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The Great Moving Left Show: making it happen

The Great Moving Left ShowThe Independent article showing that a substantial majority of electors oppose Osborne’s cuts programme contrasted with New Labour‘s failure to join the majority. Sixty six percent opposed Osborne’s plans for clearing the deficit by 2017-18 while only 30% supported them. However in the Westminster Bubble, austerity is unquestionable and the disjuncture with popular opinion is toxic. How this will play out in votes is unpredictable, but the decline of the old Two Party system marked. The rise of the SNP and UKIP make this a largely unpredictable election for both Labour and Conservative Parties.

Labour has to be supported for this election as austerity will be the platform of the Tories – no more rhetoric about New Localism – and this will dominate the political scenario. The short term challenge is the prospect of building an anti-austerity coalition. The SNP pose as the defender of traditional welfare reformism north of the border – to the detriment of Labour – and in England and Wales, UKIP poses a different form of separatism, with an increasingly well oiled machine to push a message against easily targetted scapegoats in Europe.

The politics of anti-austerity is missing from the scene, but putting effort into conventional party politics will fail if austerity is not challenged in the process. After the election the key issue will be what Labour will do if it wins, since if it tries to continue austerity this will force the disjuncture with what voters want to the forefront of politics. An anti-austerity coalition could have a political strength which currently the left lacks.

The long term trend is the Westminster bubble falling to Thatcherism, with both the major parties abandoning their historical projects. Even the Lib Dems abandon the project that began with the old Liberals merging with the Social Democrats of the Jenkins era. All three parties have moved right as Stuart Hall predicted in his seminal 1979 essay The Great Moving Right Show.

Labour abandoned its traditional social democratic reformism, Peter Mandleson as a minister stating bluntly “we are all Thatcherites now”. The heirarchy accepted Thatcher’s TINA philosophy (There Is No Alternative) after the death of John Smith in 1994, with New Labour practising ‘triangulation’. This theoretically devised a policy position between social democracy and full blown Thatcherism slightly short of the Tory Right but within its policy framework. In practice the Labour front bench simply moves to the right, which allows the SNP to pitch for the Labour heartlands in the Scottish industrial belt.

The Tories jettisoned their historic one nation Reform to Conserve position, and even their commitment to the UK. Who now remembers that the Tory Party was once called the Conservative and Unionist Party? The Ulster Unionists still angle for an alliance with the Tories at Westminster, but the Tories lost Scotland. Even as late as the 1950s the Tory party won a majority of Scottish votes, but Thatcher destroyed their base. John Major showed that the Tories could gain a Westminster majority while being a largely English party, but the Bruges Group activists – the ‘Bastards’ – split the Party. UKIP was the outcome, with some at least of the Tory heartlands being as much under threat as the Scottish Labour heartlands are at threat from the SNP.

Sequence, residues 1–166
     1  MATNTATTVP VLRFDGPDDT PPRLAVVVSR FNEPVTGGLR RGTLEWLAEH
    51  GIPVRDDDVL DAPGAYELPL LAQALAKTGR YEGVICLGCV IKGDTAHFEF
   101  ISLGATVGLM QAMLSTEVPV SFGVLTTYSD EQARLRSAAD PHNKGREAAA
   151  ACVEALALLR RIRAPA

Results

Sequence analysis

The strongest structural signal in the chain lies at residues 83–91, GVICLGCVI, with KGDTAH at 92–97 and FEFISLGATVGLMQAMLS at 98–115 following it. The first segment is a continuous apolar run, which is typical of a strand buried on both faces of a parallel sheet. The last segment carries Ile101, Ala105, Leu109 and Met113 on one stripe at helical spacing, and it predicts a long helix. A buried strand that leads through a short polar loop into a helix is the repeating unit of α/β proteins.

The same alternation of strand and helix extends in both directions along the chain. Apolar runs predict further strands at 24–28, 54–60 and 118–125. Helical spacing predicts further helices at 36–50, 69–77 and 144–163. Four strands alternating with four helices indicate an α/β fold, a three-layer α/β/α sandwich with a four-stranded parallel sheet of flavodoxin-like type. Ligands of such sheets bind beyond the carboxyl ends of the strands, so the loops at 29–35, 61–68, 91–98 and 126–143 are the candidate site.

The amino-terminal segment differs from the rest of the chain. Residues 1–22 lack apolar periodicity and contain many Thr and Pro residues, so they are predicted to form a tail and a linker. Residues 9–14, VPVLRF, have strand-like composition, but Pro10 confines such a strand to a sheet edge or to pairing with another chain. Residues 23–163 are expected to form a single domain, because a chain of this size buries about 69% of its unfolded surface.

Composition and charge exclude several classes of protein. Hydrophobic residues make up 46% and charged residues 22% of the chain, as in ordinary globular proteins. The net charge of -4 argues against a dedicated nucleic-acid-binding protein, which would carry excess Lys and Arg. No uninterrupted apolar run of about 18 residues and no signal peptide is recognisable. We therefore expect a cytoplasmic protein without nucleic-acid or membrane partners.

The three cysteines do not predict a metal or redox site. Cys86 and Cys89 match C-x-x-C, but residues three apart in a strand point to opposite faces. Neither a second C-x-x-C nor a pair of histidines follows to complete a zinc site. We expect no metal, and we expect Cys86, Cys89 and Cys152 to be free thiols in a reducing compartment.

With Farage and Alex Salmond both heading for Westminster, a feral politics is in prospect. Both men are like sharks in the Westminster water, scenting blood as the major parties haemorrage support. If Labour forms a coalition with Salmonds, it will be on his terms.

The political culture shows no sign of a move to the left, because anti-austerity while commanding majority support does not have a focus. Defence of the welfare state has immense potential, and in the political vacuum of New Labourism can offer a pole of attraction. Labour is limited to defence of the NHS. It does not grasp the crisis in Education, Transport, Housing and other issues affecting working people.

The alienation of most people from the politics of Westminster is dangerous, particularly in a year when MPs get an 11 per cent pay rise. However a clear and worked out anti-austerity platform could offer a way forward, and it is remarkable the unions have not already taken this up. For the first time since 1979, the political class at Westminster is in dissarray and there is potential for a progressive alternative.


  1. Robert says:

    So what is the answer what should we do, vote for Miliband get Progress , the fact is you may not like it but labour Wales are talking socialism labour England is answering to Blair.

    No the answer is not now it will be in the future whether of not we can get a new left party Labour has been played out, new labour will return and I’m not new labour.

  2. swatantra says:

    Welsh Labour is going down the pan, and may well suffer the same fate as Scots Labour if it doesn’t get a grip on reality.

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